We continue to present a united front for our community. Our community is committed to harbour cleanup. Earlier this month, Team Saint John meetings continued with our minister for infrastructure, where we had councillors Glen Tait and Chris Titus, along with our commissioner, talking about the follow-up to important meetings for harbour cleanup. The federal, provincial and municipal governments are all working together in our community of Saint John. We realize that the renewal of existing infrastructure programs is of critical importance to Saint John.

In conclusion, our work has just begun. We need to work with the province to develop solutions for Point Lepreau. We need child care. We need to further reduce wait times at hospitals. We need to equip our nurses with better tools. We need jobs for young people and jobs at our port. We need safe housing and we need a clean harbour. I urge the House to put partisan bickering aside and get to work passing the budget bill, Bill C-48, and doing the work that Canadians sent us here to do.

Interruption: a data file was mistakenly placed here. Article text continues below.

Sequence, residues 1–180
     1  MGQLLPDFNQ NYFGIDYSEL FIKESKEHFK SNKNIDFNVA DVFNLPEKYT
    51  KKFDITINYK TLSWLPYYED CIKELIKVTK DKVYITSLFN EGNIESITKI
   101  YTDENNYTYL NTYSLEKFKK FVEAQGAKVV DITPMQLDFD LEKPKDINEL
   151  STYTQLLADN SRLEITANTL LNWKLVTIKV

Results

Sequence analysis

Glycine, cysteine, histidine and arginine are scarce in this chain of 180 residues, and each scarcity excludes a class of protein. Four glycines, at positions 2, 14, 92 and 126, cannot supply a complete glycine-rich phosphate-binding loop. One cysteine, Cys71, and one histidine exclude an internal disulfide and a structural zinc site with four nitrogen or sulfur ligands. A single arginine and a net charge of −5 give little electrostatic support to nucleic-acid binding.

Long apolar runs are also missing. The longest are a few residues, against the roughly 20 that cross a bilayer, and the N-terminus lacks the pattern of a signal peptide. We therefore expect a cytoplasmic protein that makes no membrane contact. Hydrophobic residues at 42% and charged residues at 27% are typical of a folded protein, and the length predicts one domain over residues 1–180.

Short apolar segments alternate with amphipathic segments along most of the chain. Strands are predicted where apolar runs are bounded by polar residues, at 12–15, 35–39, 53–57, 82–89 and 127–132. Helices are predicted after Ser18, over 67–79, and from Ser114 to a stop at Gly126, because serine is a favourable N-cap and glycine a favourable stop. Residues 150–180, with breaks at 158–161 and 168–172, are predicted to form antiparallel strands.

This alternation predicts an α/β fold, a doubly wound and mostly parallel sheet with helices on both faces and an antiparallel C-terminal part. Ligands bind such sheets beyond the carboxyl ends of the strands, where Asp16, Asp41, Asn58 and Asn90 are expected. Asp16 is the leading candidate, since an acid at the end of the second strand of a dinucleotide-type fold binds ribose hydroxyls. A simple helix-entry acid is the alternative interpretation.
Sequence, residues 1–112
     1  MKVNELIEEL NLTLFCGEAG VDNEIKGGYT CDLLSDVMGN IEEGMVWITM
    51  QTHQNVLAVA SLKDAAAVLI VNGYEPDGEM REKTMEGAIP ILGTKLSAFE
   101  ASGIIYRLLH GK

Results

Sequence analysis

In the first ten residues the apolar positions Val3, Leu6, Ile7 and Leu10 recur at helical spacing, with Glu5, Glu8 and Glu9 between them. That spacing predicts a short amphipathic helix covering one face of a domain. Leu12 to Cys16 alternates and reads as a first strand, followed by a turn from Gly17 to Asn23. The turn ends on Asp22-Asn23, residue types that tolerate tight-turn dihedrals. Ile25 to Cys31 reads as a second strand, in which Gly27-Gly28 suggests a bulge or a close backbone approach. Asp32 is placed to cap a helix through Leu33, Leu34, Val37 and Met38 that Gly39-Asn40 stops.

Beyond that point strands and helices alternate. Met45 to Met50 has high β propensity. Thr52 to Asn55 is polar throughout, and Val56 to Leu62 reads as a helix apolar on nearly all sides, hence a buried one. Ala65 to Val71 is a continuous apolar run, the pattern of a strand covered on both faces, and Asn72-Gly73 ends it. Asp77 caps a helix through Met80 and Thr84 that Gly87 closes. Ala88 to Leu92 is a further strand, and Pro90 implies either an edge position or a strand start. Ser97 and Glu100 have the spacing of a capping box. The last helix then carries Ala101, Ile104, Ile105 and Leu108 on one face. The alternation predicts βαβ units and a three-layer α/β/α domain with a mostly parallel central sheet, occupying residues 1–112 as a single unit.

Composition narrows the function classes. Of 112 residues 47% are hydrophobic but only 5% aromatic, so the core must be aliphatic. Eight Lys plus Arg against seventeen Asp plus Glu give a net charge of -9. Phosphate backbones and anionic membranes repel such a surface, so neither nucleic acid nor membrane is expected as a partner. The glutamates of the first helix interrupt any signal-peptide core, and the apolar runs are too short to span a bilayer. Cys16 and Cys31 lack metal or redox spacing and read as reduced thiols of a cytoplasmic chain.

I move:

That this question be now put.

Budget Implementation Act, 2005
Government Orders

10:25 a.m.

The Deputy Speaker

The hon. member for Saint John has moved that this question be now put.

The hon. member for Cariboo--Prince George.

Budget Implementation Act, 2005
Government Orders

10:25 a.m.

Conservative

Dick Harris Cariboo—Prince George, BC

Mr. Speaker, I would like to make some comments following the speech by the member opposite.

In connection with the gas tax rebate that the government has promised, it is important that Canadians know that my colleagues, who joined me in the House in 1994 and who have been in the House ever since that year, have been fighting tooth and nail to get the government to recognize that it has been keeping a very large, disproportionate share of fuel taxes and not returning them to the provinces and the communities, as was the original plan when the fuel taxes were added way back when for infrastructure and maintenance of roads.

Every single time we put that motion forward, either in the House or in committee, the Liberals defeated it. Since 1997, following the exorbitant taxation which allowed the Liberals to balance their budget in 1997, they had surplus funding in every instance.

Budget Implementation Act, 2005